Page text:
Graham, I know what you mean, I presume you're referring to the
inflections - declensions........
But I did five years of Latin at school (and I ain't THAT old!!) and
had no problems after we changed teacher.
In first year (aged 11), I had a teacher who took it on herself to
explain to us what a dative, gentive etc are. I still have very little
idea what an ablative is or was, so that was obviously a waste of class
In second year, we had an inspired new, young Latin teacher who decided
we should imagine we were Romans and write a magazine for our peers -
but in Latin. We could write about anything we wanted. These were the
days of later Monty Python (no-one expects the Spanish Inquistion being
quite appropriate nowadays too...), so Python went Latin. We read
Asterix and Tintin in Latin for homework. We drew maps and learned
about stuffed hamster and wooden false teeth. The next teacher who came
along had the task of dealing with Caesar's campaigns and Virgil, but
it worked too - blood, guts, sex, romance - I remember spending hours
in the school library reading up on Medusa and Leda etc. Somewhere
along the line we fitted in the endings, more based on "if it's here in
the sentence or an 'ad' is in front of it, it looks like 'no minibus'.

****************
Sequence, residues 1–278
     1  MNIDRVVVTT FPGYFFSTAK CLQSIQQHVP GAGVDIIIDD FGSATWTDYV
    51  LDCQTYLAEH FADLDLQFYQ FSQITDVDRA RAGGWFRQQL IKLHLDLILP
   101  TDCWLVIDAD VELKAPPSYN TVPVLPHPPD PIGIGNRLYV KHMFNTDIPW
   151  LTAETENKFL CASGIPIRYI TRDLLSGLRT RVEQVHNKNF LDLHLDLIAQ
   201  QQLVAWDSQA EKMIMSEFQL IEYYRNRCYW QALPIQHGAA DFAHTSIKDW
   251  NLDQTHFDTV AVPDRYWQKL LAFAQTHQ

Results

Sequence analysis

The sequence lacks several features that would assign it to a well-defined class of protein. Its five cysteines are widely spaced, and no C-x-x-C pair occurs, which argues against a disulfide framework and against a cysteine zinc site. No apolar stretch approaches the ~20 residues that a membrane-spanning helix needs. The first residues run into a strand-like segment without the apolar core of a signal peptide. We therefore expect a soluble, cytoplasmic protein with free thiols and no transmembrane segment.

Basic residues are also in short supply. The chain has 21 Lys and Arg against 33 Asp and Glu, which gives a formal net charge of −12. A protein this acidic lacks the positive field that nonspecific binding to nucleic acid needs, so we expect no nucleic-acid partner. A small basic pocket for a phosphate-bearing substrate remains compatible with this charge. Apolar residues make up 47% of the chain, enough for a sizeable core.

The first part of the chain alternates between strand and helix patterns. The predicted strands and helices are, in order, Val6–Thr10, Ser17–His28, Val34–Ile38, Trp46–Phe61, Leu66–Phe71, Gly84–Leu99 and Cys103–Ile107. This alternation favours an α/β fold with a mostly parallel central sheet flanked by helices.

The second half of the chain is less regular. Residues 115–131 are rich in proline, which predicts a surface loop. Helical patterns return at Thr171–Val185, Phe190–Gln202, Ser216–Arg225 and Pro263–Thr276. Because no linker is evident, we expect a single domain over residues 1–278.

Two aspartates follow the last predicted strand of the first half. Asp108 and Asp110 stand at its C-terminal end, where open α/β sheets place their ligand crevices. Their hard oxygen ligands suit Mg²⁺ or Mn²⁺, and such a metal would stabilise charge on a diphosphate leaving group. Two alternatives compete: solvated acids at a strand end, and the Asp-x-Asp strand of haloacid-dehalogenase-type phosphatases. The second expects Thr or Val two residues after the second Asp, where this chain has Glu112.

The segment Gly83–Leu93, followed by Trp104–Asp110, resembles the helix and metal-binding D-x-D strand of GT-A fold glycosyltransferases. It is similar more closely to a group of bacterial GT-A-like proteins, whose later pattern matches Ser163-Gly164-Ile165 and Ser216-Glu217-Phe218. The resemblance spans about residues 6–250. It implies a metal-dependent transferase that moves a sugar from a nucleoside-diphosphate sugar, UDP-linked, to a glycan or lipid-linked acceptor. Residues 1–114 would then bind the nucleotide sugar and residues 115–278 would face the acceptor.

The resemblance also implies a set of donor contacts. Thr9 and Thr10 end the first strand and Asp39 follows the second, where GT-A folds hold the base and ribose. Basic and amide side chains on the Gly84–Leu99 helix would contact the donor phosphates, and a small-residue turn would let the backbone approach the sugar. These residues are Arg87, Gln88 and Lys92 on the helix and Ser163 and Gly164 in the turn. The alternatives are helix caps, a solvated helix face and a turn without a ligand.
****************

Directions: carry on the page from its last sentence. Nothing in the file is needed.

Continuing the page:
German, well, alas........... but it's not the language per se, it's
the interest-level and the teacher's ability to create that interest
where it's missing (ie in the secondary classroom, in the case of your
Enjoy your workers' day! It's Mothers' Day here too, so to those of you
like Jane, double hug for working Mums! Ahem.
en" <gjt@t...> wrote:
> (Thank you Jane for the quote)
> As St Augustine is comparing L1 and L2 learning I don't see a
> reason to conclude "Intermental before Intramental" for all L2
> Nonetheless I guess we'd all go along with his conclusion:
> "...it is sufficiently clear that a free curiosity is more effective
> learning than a discipline based on fear."
> The fascinating question is how to awaken curiosity for L2. Those
> English are lucky in this respect compared to those brave people who
> German or Latin to English schoolchildren.